Genetic diversity gives hope to Tassie devils
FROM HER NEW HOME in New South Wales, a young Tasmanian devil is providing fresh hope for the long-term survival of her species.
The two-year-old female is the most recent recruit to Devil Ark – a 500ha devil breeding facility in the mist-shrouded hills of the Barrington Tops, 300km north-west of Sydney.
Nicknamed Princess Mary, this devil is the most genetically diverse female in the breeding program and she is an important link in the genetic chain that is safeguarding her species from extinction.
- GALLERY: Tasmanian devils
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Princess Mary originated from the north-eastern corner of Tasmania, a region where devil numbers have been decimated by Devil Facial Tumour Disease (DFTD). Since the transmissible cancer was first reported in 1996, it has wiped out more 85 per cent of Tasmania’s wild devils, and in the north-eastern corner of the state, only between one and three per cent of the former population remains.
“Princess Mary is genetic royalty,” says Adrian Good, a keeper and supervisor at Devil Ark. “She’s not related to any other Tasmanian devils in the program and she’s from an area where we’ve seen the population crash.”
Before arriving on the mainland, the young devil spent a year in quarantine to ensure she was disease-free. She will undergo her first breeding season between February and June next year and keepers hope she will produce a healthy litter of joeys.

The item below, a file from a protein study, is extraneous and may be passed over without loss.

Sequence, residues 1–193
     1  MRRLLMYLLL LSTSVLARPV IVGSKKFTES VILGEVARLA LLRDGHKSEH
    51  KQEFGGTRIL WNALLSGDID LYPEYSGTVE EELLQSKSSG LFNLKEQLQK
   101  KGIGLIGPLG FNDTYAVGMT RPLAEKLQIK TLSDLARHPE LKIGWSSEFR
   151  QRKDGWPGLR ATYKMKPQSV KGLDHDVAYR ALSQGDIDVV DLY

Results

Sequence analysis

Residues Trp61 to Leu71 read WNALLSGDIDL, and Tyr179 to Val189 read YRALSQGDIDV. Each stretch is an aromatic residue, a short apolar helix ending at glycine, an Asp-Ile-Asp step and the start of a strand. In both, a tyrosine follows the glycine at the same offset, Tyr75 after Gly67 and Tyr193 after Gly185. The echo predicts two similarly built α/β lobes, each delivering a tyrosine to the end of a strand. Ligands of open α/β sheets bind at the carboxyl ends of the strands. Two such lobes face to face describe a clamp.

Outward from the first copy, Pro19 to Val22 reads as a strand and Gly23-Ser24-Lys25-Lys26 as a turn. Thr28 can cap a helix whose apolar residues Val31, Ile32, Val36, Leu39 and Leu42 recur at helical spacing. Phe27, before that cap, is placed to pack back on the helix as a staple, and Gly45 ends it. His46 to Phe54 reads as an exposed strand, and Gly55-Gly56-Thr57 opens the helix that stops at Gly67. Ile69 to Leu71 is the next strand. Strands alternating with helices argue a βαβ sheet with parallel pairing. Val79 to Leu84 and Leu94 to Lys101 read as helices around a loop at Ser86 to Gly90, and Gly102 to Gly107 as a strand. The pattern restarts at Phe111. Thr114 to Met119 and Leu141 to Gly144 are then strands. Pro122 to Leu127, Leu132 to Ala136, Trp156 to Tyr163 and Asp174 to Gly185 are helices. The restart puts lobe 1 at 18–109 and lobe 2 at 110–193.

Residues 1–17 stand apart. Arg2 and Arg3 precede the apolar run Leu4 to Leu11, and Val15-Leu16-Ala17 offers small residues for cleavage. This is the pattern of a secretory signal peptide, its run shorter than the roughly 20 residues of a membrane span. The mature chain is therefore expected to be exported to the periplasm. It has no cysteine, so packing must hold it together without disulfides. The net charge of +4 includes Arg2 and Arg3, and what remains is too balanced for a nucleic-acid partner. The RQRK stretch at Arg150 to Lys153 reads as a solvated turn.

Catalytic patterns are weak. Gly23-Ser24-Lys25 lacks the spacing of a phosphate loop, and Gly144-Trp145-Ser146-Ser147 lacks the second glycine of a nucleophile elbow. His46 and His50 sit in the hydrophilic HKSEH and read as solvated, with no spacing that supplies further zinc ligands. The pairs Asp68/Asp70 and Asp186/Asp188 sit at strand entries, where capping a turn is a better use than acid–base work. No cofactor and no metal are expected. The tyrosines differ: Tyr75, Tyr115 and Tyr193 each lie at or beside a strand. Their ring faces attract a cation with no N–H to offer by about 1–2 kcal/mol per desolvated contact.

“It’s really important for us to get her genetics into the population so they don’t get lost,” says Liz Vella, senior curator at Devil Ark.
Breeding Tasmanian devils in captivity
Devils reach sexual maturity at two years of age and can suckle up to four joeys in their pouch each year during their three-year reproductive window. Liz says Princess Mary will hopefully produce up to 12 joeys in her lifetime.
“She’s in great condition physically, so we have high hopes that she will breed not only this year but hopefully for the next two to three years.”
Adults of breeding age at Devil Ark are paired according to recommendations provided by the Zoo and Aquarium Association (ZAA). The organisation matches devils from conservation programs all over the country according to genetic makeup in order to ensure that a genetically viable insurance population of devils is produced.
The healthy animals will be released into the Tasmanian wilderness once the infection has been wiped out.
Genetic diversity crucial to Tasmanian devil survival
“Genetic diversity is crucial to the species’ survival as strong genes give the devil the best chance of survival in the wild,” says Tim Faulkner, operations manager at Devil Ark.
Adrian agrees. “For the long-term survival of the species it’s crucial that we genetically manage their breeding,” he says. “If we don’t, we’re going to see relatives breeding with others. That leads to birth defects and organ deficiencies and ultimately, it could lead to the Tasmanian devil breeding itself into extinction.”
There are currently 120 devils at Devil Ark, which makes it the largest and most successful facility in Australia. This year, during the program’s second breeding season, 40 healthy joeys were produced.
“They’re all in great condition and they’ll be weaned in the next few months, so they’ll soon be grouped with other juveniles to learn how to socialise and interact with each other,” says Liz.
The team hopes Devil Ark will be home to 360 devils by 2016 and more than 1000 by 2021.